No Fear, No Desperation: Exodus 32.1–14

husharborDelivered at Ames UCC
on October 9, 2016

©The Rev. Eileen Gebbie

Sermons are written to be
heard rather than read.

Please join us for worship
at 10:30 a.m. on Sundays.

LEADERSHIP TEAMS
When Genya C. preached on the story of Abraham and Sarah a few weeks ago, she shared how it wasn’t until she helped to launch the Godly Play curriculum for grade schoolers here that she came to know about our church leadership teams. Coming for worship with her family, she hadn’t realized all that happens behind the scenes. Genya is now the head of our Christian Ed team. But it’s the Financial Stewardship team I’ve been highlighting of late. They are charged with just that: the management and solicitation of financial gifts to God through Ames UCC.

Earlier this summer the Financial Stewardship team and I were working on the timeline and strategy for 2017. We looked at October for a good Sunday to set for the pledge deadline. When I glanced at the scripture schedule and saw today’s was about the golden calf, I said, “Oh, it has to be October 9.” Because what better story is there for talking about money and God than one of creating false idols? The preaching possibilities seemed to be many: Don’t make money your idol, money isn’t God, faith isn’t a shiny object.

Actually preparing such a sermon, though, feels bad. The result can only be pastor as finger-wagging nag or holier-than-thou know-it-all. Even if I confessed all of my personal financial mistakes and failures to give generously to church, the physical dynamics of this room would still put me in a position to sound like a real scold.

And it wouldn’t be an accurate depiction of the text.

FLIGHT
Look at what has happened: The people got ready to flee, marked their homes and themselves as loyal to God and then they fled. Their passage out of slavery was terrifying: An army bore down on them; a body of water blocked their way. But they got out. Just as God has done so many times for the subjugated, a way showed up out of no way. The sea of reeds revealed a path and to safety they went.

Or a semblance of safety. Moses and his people didn’t have a destination other than not-Egypt. And they did not have much food. They took on faith that God would guide them to a place where they could live without fear and with sufficient manna.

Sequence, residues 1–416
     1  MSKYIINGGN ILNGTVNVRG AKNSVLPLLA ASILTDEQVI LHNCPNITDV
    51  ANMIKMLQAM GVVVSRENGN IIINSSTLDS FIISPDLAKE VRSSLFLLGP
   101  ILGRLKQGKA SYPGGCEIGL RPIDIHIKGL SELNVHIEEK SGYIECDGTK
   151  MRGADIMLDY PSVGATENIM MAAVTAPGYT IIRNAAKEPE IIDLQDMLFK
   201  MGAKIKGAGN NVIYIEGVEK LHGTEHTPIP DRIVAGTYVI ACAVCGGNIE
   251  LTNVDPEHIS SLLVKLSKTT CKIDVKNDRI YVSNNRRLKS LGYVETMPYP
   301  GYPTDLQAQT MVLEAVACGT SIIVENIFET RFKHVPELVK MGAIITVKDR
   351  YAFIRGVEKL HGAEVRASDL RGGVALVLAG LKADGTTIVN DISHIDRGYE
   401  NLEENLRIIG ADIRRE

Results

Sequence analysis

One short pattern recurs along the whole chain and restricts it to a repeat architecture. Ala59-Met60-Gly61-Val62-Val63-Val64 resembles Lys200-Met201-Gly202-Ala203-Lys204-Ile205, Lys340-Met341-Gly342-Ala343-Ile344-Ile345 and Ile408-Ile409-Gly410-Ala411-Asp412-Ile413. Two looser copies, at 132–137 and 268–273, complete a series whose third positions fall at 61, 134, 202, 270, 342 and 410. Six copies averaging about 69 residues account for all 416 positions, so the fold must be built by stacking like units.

Once in the wilderness the people found God too loud and shocking, so they asked Moses to do all of the talking. Moses said yes and continued to embody the holy presence that they needed to stay strong. But sometimes Moses went away. Sometimes Moses was called to be in a different kind of communion with the divine, out of their eye sight and ear shot.

He had been gone from the Hebrews for upwards of 40 days by the time they turn to Aaron for help.

I can imagine that might have been stressful. Despite all of the evidence the Hebrew people have that they will be okay, it is still scary to be out of a house, with no permanent kitchen. And they believed that God had abandoned them once before. After all, it felt like God had allowed them to go from power in Pharaoh’s house then down into slavery. So if Moses is their link to God and Moses is gone, a bit of anxiety is understandable.
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Our Systems Are Not Working: Job 3.1–10, 4.1–9, 7.11–21

banquetDelivered at First Christian Church
on July 10, 2016
©The Rev. Eileen Gebbie

Sermons are written to be heard rather than read. On Sundays during July we worship with First Christian Church at 9:30 a.m., alternating between FCC and Ames UCC.
Please come join us!

REMEMBER, WE LIVE IN THE ASHES
I mentioned last week that I was worried about preaching on Job off and on all summer, that I thought I needed to find a way to sell this sorry story so that it didn’t become a summer off. I wish the news of the last week hadn’t reminded me that we are already living the sorry story. I wish our world did not require us to learn the language of Job’s ash heap over and over again.

RECAP AND UPDATE
To review: Job was a very rich man and a religious man. An adversarial force came into God’s presence. God bragged to it about Job’s faith. The adversarial force suggested that faith was built on God’s protection and special treatment of Job, that Job’s faith had no integrity. Of course it is easy to be faithful when you get everything you want!

God told the Adversary to take away all of his riches and see—Job would never forsake God. So Job loses his whole family to invaders and natural disasters. And God is right: Job does not forsake God. Then the Adversary, with God’s permission, destroys Job’s skin. Job literally throws himself away, scraping at his sores while sitting in and on the garbage dump.

Job is alone until he is approached by three friends, who sit silently with Job for seven days and seven nights, “for they saw that (his) pain was very great” (2.13).
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